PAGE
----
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Mark Anderson
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Re: Academic Workflows
Reply #10 - May 23rd, 2008, 10:11am
 
You could probably do this with Explode inside TB.  I don't have Skim to have but if you want to email** me a specimen Skim note export text file I could have tinker.

** should show in my sig block.
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Peter Pawelek
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Re: Academic Workflows
Reply #11 - May 23rd, 2008, 6:34pm
 
Hi Mark,

Yes, you're absolutely right. I just tried Explode on an imported Skim annotations file and it works great. You need to use '*' as a delimiter. Actually, can we use Booleans in the delimiter field? For example ('* Highlight' OR '* Anchored') would be useful if the notes themselves contain asterisks.

I can't seem to find your email but you should be able to get mine from my contact info. If you email me I can send you a representative Skim annotation file if you want to play around with this.

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Mark Anderson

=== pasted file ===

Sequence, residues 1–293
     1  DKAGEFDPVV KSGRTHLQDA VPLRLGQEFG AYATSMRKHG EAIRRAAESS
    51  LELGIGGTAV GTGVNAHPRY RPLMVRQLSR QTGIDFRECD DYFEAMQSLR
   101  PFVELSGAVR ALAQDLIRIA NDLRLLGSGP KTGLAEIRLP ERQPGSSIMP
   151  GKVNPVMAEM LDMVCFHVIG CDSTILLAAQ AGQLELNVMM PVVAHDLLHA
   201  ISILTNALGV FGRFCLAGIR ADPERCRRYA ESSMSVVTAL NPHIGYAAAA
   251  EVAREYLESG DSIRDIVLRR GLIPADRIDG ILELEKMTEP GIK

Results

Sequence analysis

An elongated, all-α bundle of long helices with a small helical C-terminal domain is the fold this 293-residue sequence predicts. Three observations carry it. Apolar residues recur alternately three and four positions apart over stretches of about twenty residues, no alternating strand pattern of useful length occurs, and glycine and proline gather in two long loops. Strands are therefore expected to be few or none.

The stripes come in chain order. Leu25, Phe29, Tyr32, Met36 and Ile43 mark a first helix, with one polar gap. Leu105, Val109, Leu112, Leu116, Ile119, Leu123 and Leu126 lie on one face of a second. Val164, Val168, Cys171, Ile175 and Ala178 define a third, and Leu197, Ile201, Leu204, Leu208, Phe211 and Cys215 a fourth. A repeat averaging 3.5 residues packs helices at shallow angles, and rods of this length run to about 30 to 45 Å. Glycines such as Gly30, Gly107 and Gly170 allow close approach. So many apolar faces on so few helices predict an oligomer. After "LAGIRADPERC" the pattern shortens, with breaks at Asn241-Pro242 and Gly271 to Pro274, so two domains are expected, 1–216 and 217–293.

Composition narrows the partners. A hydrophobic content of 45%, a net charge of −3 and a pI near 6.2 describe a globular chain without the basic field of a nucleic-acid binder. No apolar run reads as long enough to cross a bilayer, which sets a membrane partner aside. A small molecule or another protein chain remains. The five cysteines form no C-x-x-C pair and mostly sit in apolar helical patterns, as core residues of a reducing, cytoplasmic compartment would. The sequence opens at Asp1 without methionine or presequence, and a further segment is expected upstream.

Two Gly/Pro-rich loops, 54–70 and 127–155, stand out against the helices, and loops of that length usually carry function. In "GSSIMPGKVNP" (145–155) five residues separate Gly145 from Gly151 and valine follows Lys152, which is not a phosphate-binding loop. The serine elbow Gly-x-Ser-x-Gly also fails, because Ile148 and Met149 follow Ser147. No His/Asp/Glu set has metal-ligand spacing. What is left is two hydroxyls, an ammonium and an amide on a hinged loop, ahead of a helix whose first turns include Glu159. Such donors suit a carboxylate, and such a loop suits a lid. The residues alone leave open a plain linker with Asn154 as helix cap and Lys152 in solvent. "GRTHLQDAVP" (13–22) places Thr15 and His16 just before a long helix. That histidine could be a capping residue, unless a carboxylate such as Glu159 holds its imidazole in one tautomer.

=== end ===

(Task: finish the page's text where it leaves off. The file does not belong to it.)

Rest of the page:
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Re: Academic Workflows
Reply #12 - May 23rd, 2008, 6:57pm
 
I've send you and email.

Alternate delimiters aren't currently supported.
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Re: Academic Workflows
Reply #13 - May 24th, 2008, 6:15am
 
Peter, thanks for the specimen output.  You want to use "* " (asterisk+space) as your delimiter.  Look at this forum thread for some ideas as to how you can further refine your content post-explode. For instance you might remove the page name from the note title whilst sticking the note into a container for the appropriate page.  The title part of the note can also be deleted from the note's body text.  You might use different colouring for 'Highlight' notes vs. 'Anchored' notes, etc.

For others following the thread, a sanitised version of Peter's source data is like this:
Code:
* Highlight, page 2
A study here show something interesting. Notes also show that something happens. Additional studies.

* Anchored Note, page 2
Reference to some thing.

Another reference.

* Highlight, page 2
This shows how something happens. More descriptive info.

.....etc. 


When you drag in the source note (or paste in it's text) ignore the fact that TB may indent some lines starting with * as it thinks they are markers for quick lists (for HTML output).  Don't worry, it won't effect the way the text gets exploded.

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Peter Pawelek
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Re: Academic Workflows
Reply #14 - May 24th, 2008, 10:29am
 
Hi Mark,

Yes that's perfect, thanks. I'm especially interested in stripping out titles occurring on the same line as the '* '. I'll look into it on the other forum thread that you mentioned.

Cheers!

Peter